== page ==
2) from the date of departure meaning if you have moved outside the UK you can sell at any time after you have left and not pay CGT PROVIDED you are out for five clear years (meaning elapsed time)

        Comment


          #19
          "Temporary non-resident" status applies to persons who left UK residence to live overseas and returns to UK residence within 5 years from date of leaving the country.

          Non-resident ( after one year away from UK ) can sell property and pay cgt based on capital gain calculated from the April 2015 valuation.

          "No CGT to pay after 5 clear years" only applies to " capital gains" below £12,300 the personal allowance level ( for capital gains ) .

          Comment


            #20
            Hi Gordon

            you list me with this last statement “No CGT to pay after 5 clear years" only applies to " capital gains" below £12,300 the personal allowance level ( for capital gains”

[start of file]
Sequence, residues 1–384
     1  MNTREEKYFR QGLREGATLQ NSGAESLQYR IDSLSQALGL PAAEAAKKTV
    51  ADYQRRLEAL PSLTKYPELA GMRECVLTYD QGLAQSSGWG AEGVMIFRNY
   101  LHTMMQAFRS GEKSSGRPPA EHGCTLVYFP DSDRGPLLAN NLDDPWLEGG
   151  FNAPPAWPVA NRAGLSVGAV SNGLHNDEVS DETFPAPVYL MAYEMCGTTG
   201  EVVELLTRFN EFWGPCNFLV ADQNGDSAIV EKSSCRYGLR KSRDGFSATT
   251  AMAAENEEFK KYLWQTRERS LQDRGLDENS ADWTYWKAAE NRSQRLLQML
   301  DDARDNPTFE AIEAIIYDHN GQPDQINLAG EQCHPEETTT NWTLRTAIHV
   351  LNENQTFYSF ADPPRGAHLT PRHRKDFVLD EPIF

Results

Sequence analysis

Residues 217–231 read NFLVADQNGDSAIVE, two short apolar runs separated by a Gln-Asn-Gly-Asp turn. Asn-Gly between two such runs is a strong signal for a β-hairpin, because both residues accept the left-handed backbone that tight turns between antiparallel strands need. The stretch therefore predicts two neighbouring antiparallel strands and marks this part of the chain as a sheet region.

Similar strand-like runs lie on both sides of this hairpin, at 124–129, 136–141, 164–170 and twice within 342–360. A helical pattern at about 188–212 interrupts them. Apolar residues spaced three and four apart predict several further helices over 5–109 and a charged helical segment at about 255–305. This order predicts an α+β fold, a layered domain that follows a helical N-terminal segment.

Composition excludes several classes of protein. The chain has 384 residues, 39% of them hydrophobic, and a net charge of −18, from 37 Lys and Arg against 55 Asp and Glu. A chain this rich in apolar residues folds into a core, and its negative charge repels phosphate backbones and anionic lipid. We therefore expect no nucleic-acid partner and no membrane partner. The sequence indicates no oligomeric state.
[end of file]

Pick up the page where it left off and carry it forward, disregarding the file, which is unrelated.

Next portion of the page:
what exactly do you mean?

            suppose you are out of the Uk for three years and sell the asset today (with cgt only in the portion from 2015 onwards because we have correctly established that pre 2015 gains are tax free)

            then you continue outside the Uk for two years. This makes the total time out of Uk five years but you sold the asset mid way through.

            this would lead to no cgt payable (on pre 2015 gains)

            Comment


              #21
              re
              I do not disagree with you that taxes will rise and we can only plan on the basis of tax rules today....
              Nope, you can plan on the basis that tax rules get more painful (or indeed any other assumption).

              Planning only worth doing on the basis of realistic assumptions. And we're ALL going to have to pay for Covid & Bre**** (well, England at least). Any decent patriot will pay they share.